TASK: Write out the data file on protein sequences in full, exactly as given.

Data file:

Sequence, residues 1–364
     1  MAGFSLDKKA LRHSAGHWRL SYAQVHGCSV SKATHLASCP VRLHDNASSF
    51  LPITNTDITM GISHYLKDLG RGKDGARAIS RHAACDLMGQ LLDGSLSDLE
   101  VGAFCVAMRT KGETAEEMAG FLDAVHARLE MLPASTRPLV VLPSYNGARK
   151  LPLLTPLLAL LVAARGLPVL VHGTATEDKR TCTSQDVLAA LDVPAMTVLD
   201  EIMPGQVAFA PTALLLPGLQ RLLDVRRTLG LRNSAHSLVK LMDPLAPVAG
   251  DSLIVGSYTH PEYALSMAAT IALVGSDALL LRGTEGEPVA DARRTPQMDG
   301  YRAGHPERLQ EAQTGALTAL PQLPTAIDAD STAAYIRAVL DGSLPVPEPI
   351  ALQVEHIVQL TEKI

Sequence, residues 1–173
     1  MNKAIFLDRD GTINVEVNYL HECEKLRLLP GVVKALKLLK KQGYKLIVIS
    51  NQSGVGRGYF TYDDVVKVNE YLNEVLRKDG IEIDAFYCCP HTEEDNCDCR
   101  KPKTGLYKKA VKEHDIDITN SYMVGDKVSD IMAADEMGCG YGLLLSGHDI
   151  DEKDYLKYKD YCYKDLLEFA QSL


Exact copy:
Sequence, residues 1–364
     1  MAGFSLDKKA LRHSAGHWRL SYAQVHGCSV SKATHLASCP VRLHDNASSF
    51  LPITNTDITM GISHYLKDLG RGKDGARAIS RHAACDLMGQ LLDGSLSDLE
   101  VGAFCVAMRT KGETAEEMAG FLDAVHARLE MLPASTRPLV VLPSYNGARK
   151  LPLLTPLLAL LVAARGLPVL VHGTATEDKR TCTSQDVLAA LDVPAMTVLD
   201  EIMPGQVAFA PTALLLPGLQ RLLDVRRTLG LRNSAHSLVK LMDPLAPVAG
   251  DSLIVGSYTH PEYALSMAAT IALVGSDALL LRGTEGEPVA DARRTPQMDG
   301  YRAGHPERLQ EAQTGALTAL PQLPTAIDAD STAAYIRAVL DGSLPVPEPI
   351  ALQVEHIVQL TEKI

Sequence, residues 1–173
     1  MNKAIFLDRD GTINVEVNYL HECEKLRLLP GVVKALKLLK KQGYKLIVIS
    51  NQSGVGRGYF TYDDVVKVNE YLNEVLRKDG IEIDAFYCCP HTEEDNCDCR
   101  KPKTGLYKKA VKEHDIDITN SYMVGDKVSD IMAADEMGCG YGLLLSGHDI
   151  DEKDYLKYKD YCYKDLLEFA QSL